Confessions of a Black Ally to White Allies
A story popped into my recommendations on Medium — Confessions of a White Woman with Privilege, something along those lines. Although I was having one of those days where reading about white angst would really be the cherry on top of a shit sundae, I decided to peruse the tale of this white woman’s woes. It was everything I thought it would be and more, in terms of melodrama and mediocrity. I didn’t leave feeling more enthusiastic about white allies. Then again, that ship sailed a loooong time ago.
I struggle with the concept of allyship. I assume all the white people who follow me on Medium are allies, either that or Republican spies. Every time I get a new one, there’s a whole thought pattern. First, I’m excited — a new follower! Oh, a white person…probably an ally, yay. Sigh. Where are the black people? Where are the black people in cyberspace? Where are the black people with phone plans and enough spare income and desire to have a monthly magazine subscription? Where are the black working moms and the black men in the hood, where are the black people who appreciate cynical literature in the western world? Will my target audience ever read my words? Or will they always be too busy with the pressures of staying alive in a hostile world, with too little time for lofty philosophizing?
Of course, I’m glad for whoever cares to read my writing, but the frustration is real. As a child I always wondered who on earth had money to buy albums from black musicians. I’m still too poor for a lot of paid entertainment, as much as I try to support black artists, singers and business-people. Sometimes the bulk of their revenue comes from white people. Watching Rhythm and Flow on Netflix, you can’t help but notice when the conversation shifts to what type of rap “scares” white people, what kind of artist will appeal to “mainstream” audiences, or who the white collar executives at record labels could see making them the most money. If white people not only own the means of production, but also boast the most disposable income, much of what we do has to cater to them as well, especially if profits is the main goal.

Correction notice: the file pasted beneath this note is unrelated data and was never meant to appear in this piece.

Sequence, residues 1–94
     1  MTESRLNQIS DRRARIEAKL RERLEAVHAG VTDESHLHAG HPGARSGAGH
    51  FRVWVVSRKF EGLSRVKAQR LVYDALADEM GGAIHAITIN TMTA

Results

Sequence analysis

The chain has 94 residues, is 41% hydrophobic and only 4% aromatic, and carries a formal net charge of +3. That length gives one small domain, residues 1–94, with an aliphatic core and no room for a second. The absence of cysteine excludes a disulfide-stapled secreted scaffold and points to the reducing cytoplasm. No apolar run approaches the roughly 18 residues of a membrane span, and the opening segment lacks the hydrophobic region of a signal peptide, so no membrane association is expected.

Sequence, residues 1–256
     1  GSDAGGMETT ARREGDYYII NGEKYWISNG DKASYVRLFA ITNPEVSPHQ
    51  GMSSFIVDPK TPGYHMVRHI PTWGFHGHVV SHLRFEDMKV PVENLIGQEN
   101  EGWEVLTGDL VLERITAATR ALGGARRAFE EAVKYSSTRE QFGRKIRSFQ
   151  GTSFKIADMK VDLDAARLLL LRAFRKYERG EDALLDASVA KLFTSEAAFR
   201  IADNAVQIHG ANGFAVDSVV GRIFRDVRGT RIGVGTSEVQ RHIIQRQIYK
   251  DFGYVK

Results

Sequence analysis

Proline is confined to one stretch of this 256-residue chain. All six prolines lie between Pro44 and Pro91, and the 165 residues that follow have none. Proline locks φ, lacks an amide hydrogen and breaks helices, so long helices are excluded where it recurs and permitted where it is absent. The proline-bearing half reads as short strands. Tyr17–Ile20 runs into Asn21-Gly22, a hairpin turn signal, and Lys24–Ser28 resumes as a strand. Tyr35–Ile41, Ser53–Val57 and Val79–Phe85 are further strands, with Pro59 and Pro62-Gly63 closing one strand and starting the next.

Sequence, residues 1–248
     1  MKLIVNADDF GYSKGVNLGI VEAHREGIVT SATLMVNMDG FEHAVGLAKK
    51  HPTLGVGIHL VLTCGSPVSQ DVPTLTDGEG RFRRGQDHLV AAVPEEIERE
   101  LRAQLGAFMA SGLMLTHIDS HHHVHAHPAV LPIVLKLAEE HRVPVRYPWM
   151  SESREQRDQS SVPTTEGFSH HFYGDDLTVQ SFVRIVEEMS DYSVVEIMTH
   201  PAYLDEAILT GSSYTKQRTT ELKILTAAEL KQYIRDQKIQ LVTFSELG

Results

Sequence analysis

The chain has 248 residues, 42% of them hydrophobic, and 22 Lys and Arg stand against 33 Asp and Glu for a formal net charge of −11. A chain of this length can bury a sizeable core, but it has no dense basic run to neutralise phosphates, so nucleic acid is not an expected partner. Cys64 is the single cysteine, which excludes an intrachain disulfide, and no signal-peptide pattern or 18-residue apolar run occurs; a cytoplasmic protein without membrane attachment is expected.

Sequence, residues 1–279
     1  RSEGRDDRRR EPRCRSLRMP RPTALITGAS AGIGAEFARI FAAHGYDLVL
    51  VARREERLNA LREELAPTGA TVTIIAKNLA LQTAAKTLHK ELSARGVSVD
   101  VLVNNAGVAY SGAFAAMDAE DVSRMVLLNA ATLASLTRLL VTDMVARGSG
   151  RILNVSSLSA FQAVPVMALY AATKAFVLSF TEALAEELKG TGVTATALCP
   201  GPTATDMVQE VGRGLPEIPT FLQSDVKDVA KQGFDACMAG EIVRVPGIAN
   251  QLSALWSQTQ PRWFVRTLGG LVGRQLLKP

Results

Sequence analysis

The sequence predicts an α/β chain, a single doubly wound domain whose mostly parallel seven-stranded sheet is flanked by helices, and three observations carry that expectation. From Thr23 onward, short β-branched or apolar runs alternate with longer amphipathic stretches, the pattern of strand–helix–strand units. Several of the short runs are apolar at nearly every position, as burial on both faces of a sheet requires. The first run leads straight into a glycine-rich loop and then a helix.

For me as a writer, this creates enormous pressure to appeal to them. Meanwhile, everything inside me absolutely refuses to pander to a white ego. Occasionally I wonder if a sentence is too harsh, for example see above where I called the lady’s article melodramatic and mediocre. In my craft, I seek to never be unnecessarily mean, even when condemning white supremacy. The main reason is because a reader can pick up on when you’re just being cruel for cruelty’s sake and that turns them off. Another reason is that I worry about hurting white people’s feelings. If something feels like a vicious attack, it could well turn them off, causing me to lose half my audience.
However, these feelings are difficult to navigate. Part of me believes that slipping a subtle jab in here and there serves a couple important purposes. It is primarily a small reversal of power, since reading a minor insult on the internet pales in comparison to living a life of insults. Then, it is a sting to remind them that although they are here, reading, observing, spectating or “doing the work”, as the case may be, we owe them absolutely nothing. Not politeness, not kindness and certainly not gratitude. While I want people to become anti-racist, I don’t want them to do it for show, for everyone to look and see that they are such a good white liberal, such an ally, such a beacon of morality in La La Land. I don’t want them to do it for the perks. I don’t want them to do it because that will make me like them more, or give me hope for humanity. White people should be actively anti-racist because they want to, because it’s the right thing to do. Black people being good hosts as we welcome them to the fight is A LOT to ask. It’s a reach, as we say. After all, that’s a good way to look at it. They are guests to our eternal struggle; we live in the realm of having to be experts on race, they are merely guests in that space.